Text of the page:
The Kansas City Chiefs added six players to the roster over the course of the 2019 NFL Draft last weekend, picking up wide receiver Mecole Hardman, defensive back Juan Thornhill, defensive tackle Khalen Saunders, cornerback Rashad Fenton, tailback Darwin Thompson and guard/center Nick Allegretti.
Here’s what the analysts from around the web thought of Kansas City’s selections.
*1. Hardman can run, there’s no doubt about that *
The University of Georgia product recorded a 4.33 40-yard dash at the NFL Scouting Combine back in March – the fifth-fastest time among all players. The guy is a burner – both on offense and in the return game.
Former teammate and current Los Angeles Rams’ tailback Todd Gurley was pretty pumped about the pick, too.
2. Speaking of versatile players, defensive back Juan Thornhill was a jack of all trades at the University of Virginia.
Thornhill has experience at safety, cornerback and nickel, but wherever he lines up, the guy finds a way to make plays.
Arizona Cardinals’ All-Pro tailback David Johnson had this to say about the addition of Thornhill.
3. Third-round pick Khalen Saunders, meanwhile, was a force along the defensive line at Western Illinois.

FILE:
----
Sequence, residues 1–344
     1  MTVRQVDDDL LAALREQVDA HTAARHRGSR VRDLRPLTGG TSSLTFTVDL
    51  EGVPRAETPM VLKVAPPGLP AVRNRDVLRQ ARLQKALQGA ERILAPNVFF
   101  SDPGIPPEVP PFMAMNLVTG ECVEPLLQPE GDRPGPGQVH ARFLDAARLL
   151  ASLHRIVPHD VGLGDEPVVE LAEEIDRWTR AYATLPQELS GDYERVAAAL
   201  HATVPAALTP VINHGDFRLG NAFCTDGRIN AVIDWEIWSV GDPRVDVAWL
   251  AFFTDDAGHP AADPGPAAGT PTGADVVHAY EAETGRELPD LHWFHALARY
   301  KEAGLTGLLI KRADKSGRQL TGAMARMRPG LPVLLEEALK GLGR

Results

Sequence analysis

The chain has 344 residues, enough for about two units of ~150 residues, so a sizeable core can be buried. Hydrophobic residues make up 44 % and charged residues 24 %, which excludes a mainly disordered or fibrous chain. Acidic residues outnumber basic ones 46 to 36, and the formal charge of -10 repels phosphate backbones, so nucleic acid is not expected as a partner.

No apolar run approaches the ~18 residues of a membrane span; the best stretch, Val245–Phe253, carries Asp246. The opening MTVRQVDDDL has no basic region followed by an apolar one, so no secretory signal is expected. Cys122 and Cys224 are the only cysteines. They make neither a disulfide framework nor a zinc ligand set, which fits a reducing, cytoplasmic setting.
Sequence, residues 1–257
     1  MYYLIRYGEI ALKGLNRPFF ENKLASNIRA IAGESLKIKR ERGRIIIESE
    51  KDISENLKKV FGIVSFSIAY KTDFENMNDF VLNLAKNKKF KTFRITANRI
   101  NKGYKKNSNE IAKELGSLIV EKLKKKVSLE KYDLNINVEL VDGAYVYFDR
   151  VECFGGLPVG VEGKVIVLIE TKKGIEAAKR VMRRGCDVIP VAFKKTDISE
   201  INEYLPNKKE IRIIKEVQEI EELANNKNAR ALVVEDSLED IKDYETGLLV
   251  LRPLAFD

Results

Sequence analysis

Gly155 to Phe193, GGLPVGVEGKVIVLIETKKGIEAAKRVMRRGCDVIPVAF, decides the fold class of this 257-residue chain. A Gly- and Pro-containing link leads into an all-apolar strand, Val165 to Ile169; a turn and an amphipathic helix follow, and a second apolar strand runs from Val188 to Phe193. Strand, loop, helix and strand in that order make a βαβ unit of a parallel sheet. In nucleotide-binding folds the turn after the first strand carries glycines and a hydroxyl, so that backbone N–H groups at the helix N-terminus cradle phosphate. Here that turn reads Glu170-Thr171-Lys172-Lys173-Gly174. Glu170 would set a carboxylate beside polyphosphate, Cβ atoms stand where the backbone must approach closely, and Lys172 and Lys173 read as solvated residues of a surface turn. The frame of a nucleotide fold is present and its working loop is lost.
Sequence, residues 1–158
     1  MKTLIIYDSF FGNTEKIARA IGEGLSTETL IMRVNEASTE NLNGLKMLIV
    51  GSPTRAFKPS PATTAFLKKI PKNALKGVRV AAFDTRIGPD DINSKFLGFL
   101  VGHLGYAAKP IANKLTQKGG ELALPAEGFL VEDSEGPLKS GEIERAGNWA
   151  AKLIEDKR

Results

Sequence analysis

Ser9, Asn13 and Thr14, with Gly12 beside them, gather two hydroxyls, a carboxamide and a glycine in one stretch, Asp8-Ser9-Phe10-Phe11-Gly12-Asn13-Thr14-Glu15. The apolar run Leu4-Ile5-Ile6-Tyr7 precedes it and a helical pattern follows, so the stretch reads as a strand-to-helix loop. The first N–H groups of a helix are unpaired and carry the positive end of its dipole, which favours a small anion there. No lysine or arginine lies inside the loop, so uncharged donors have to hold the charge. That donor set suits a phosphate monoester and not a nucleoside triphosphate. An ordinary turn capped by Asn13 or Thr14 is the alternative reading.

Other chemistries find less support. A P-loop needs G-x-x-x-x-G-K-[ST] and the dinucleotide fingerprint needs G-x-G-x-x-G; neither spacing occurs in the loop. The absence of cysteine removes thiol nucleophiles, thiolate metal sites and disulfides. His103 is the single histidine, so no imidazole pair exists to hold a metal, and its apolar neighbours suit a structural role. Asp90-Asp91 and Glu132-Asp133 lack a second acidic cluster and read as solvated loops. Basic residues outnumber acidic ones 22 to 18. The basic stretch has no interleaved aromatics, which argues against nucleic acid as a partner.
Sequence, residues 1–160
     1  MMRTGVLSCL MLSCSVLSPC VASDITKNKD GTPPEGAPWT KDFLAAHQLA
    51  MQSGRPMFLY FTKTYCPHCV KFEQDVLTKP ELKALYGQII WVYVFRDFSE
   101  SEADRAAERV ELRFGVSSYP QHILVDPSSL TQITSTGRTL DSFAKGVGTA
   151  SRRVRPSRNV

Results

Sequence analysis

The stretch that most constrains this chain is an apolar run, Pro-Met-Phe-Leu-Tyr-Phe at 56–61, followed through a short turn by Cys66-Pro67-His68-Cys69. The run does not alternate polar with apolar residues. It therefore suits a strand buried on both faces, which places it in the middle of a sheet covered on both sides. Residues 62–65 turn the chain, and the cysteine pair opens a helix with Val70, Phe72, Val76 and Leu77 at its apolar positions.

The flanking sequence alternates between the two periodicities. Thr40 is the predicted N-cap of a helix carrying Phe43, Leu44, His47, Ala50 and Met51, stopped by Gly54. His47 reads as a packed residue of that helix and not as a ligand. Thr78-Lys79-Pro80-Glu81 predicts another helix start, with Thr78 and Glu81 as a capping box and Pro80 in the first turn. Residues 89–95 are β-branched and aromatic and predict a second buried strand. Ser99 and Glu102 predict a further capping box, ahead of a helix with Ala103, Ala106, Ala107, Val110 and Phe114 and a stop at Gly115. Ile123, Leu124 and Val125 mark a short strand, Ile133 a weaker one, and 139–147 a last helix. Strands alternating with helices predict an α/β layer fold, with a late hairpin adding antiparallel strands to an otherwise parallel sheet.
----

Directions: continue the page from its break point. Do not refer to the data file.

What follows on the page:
He even earned the nickname “the Aaron Donald of the FCS” due to his tendency to dominate the competition. The guy was simply a beast, and he has a great story, too.
ESPN draft analyst Mel Kiper Jr. had this to say about Saunders:
Western Illinois defensive tackle Khalen Saunders could be a steal for Kansas City at No. 84. I thought he might go in the top 50. He could be a good complement to Chris Jones.
He can also turn a backflip, so there’s that.
4. The Chiefs added to their secondary once again in the sixth round, selecting cornerback Rashad Felton.
5. Some thought tailback Darwin Thompson could be one of the steals of the draft.
Thompson put together a huge season at Utah State in 2018, averaging 6.8 yards per carry while ranking amongst the best at shedding tackles.
6. Finally, seventh-round pick Nick Allegretti drew rave reviews for both his play on the field and how he carried himself away from it.